Most design managers fail for reasons that may seem unexpected at first. Oleksandr Vilinskyi, an application designer, shared useful tips from his own experience that will help to eliminate these failures.
Your work cannot be measured
We have all seen managers who strive to be productive — they create a lot of documents, attend endless calls, constantly correspond with employees. A quantitative indicator gives them a sense of comfort and confidence, because managerial work is very difficult to measure. Because of this, many managers feel anxious, tired and dissatisfied.
In such cases, they think about looking for a new job, because they feel a lack of control and result. If the manager cannot take care of the framework of determining his own successes, it will be very difficult to evaluate himself in the market. This is the path to eternal dissatisfaction with work in any place.
Your task is to gain trust
For me, the hallmark of managers is what they focus on during a conversation. A common mistake is to think more about yourself than about the team. And if you thought: “I definitely care about the team!”, then ask yourself, is it really true? Would you put yourself in a bad light to alienate a team member? Will you fight for a raise in their wages? Will you protect employees even if they are wrong?
Modern management is based on trust and risk. You cannot gain trust in a perfectly comfortable environment. The real test begins when “things are bad”, not in the first months of working together.
You are responsible for the result
Too often, managers are immersed in the mode of “facilitation” and not, in fact, management. They are engaged in optimizing processes, building a working environment, and searching for talents. Instead, really successful managers are responsible for the result.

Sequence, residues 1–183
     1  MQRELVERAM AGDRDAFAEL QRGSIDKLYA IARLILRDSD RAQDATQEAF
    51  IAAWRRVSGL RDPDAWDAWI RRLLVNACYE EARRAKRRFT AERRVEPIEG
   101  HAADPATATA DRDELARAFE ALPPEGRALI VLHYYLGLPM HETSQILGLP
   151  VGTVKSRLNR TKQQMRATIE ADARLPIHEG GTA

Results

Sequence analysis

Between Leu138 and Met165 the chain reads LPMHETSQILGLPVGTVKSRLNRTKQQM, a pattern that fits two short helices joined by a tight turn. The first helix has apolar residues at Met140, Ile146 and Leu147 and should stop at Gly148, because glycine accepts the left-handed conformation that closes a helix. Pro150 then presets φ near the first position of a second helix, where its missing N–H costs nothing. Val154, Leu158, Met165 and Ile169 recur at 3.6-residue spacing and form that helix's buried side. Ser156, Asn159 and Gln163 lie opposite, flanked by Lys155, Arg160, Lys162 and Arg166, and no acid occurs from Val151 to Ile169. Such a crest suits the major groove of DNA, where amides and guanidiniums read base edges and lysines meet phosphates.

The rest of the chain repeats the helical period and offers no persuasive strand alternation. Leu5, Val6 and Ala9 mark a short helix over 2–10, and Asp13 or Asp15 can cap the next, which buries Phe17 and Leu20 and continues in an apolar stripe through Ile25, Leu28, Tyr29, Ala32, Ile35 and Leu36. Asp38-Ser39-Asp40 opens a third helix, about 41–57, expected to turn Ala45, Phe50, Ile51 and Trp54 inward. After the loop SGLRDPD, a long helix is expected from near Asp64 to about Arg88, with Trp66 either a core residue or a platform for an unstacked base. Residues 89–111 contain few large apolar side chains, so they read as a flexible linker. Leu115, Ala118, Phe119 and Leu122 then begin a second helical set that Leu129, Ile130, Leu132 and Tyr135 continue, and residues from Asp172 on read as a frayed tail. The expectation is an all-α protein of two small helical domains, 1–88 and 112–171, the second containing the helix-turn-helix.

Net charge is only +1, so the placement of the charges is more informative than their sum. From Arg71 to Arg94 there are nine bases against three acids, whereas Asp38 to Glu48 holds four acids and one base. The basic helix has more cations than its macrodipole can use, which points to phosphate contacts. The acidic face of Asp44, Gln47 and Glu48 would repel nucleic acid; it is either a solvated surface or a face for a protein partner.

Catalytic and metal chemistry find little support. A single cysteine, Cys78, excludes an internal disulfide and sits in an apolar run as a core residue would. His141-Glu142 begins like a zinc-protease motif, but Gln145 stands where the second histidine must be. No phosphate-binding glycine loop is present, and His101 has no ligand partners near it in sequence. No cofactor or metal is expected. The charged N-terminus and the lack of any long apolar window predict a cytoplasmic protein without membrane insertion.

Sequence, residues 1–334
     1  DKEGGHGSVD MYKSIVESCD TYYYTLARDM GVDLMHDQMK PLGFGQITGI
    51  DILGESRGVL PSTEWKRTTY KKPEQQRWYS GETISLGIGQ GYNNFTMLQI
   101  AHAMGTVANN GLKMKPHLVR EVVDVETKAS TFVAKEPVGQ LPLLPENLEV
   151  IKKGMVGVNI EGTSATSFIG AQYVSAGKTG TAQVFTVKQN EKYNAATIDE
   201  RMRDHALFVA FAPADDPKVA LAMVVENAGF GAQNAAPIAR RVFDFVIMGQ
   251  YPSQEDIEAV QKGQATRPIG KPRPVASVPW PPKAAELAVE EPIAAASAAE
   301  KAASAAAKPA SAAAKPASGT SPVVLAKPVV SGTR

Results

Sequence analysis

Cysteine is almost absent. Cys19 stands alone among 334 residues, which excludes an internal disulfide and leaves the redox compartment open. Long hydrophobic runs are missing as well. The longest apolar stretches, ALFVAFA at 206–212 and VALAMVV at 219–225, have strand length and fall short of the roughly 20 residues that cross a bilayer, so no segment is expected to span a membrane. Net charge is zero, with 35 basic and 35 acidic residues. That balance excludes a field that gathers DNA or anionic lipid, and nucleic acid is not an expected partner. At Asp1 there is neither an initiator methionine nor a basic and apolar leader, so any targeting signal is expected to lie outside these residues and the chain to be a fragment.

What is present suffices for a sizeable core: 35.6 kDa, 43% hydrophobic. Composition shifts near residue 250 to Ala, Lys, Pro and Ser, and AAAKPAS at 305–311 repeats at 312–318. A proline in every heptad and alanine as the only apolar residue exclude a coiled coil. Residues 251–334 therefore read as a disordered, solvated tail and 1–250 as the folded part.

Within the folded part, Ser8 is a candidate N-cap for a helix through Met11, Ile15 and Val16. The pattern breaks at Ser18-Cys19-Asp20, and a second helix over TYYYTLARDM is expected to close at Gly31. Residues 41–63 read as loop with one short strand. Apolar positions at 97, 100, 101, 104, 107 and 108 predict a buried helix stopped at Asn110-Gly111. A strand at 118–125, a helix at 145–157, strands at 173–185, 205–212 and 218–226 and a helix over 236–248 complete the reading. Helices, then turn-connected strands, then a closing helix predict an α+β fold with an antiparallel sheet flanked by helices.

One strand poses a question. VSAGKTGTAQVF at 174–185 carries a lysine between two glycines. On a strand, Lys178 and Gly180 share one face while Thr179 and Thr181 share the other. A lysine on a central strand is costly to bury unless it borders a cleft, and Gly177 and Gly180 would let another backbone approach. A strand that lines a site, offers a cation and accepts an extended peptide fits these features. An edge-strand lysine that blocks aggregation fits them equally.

If you set about the work with the available resources, any failure is your fault. Often in corporate culture, you can see people shifting this responsibility and avoiding criticism. But this is the perfect environment to show true storm management prowess.
The manager’s work scales, but at the same time it does not
This opinion will be controversial, but I believe that standardized career elevators are a counterproductive approach. Such a system works for large corporations, but not for small and medium-sized businesses. However, for some reason, design managers start with it anyway, because it gives a sense of control over the team.
In reality, non-scalable work is complex and much more valuable. Talking to people face-to-face and learning about their ambitions is more difficult than making a sign that they can look at themselves. If you really want quality team growth for the sake of results, this is the only way that I consider proven. The plates never worked.
Your work should be different every week
A good manager’s job doesn’t have to be a weekly routine. Each week should be unique, contain new challenges that require fresh ideas. I understand the desire to create a routine, but it should not be an initiative on the part of managers. If a manager works strictly according to the calendar, he/she is probably not creating much added value, or is using ineffective methods.
You have to be a bit of a cheater
To resort to tricks does not always mean doing something bad. Instead, it is the skill of getting a good result out of any situation. Use unique images to impress the audience inside and out. Your reports should be the same as the premium products. You should resort to elements of storytelling and drama, create interactive tasks so that people feel involved.
Designers have always been able to cheat. It is necessary to actively use the understanding of how approaches to other people are formed. The design manager should remember this and use it as an advantage.
Designers easily spot deceptive techniques. Inexperienced managers resort to them all the time: with designers, leads and other team members. For example, they claim that they have calculated the return on investment when this is not true, or they assure that the brand communication will be close to the needs of the user (which is often an embellishment).
Managers tend to reassure, but it is important to raise really important issues in discussions with them:
- poor research results;
- which may upset users;
- and what if the founders are wrong;
- who will be responsible for the failure?
By avoiding difficult conversations, you don’t make work easier, you make the team more anxious. Professional managers inspire trust and clearly demonstrate that they are valuable leaders.